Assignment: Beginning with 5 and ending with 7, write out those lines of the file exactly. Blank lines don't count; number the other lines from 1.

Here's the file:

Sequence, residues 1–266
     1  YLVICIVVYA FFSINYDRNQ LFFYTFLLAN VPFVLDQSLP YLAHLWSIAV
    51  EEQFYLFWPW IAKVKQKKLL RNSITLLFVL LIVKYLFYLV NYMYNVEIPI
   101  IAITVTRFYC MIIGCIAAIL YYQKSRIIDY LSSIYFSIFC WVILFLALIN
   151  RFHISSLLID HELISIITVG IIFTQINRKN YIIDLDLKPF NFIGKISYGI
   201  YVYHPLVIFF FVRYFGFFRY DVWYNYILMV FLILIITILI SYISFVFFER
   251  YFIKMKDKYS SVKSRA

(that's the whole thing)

   151  RFHISSLLID HELISIITVG IIFTQINRKN YIIDLDLKPF NFIGKISYGI
   201  YVYHPLVIFF FVRYFGFFRY DVWYNYILMV FLILIITILI SYISFVFFER
   251  YFIKMKDKYS SVKSRA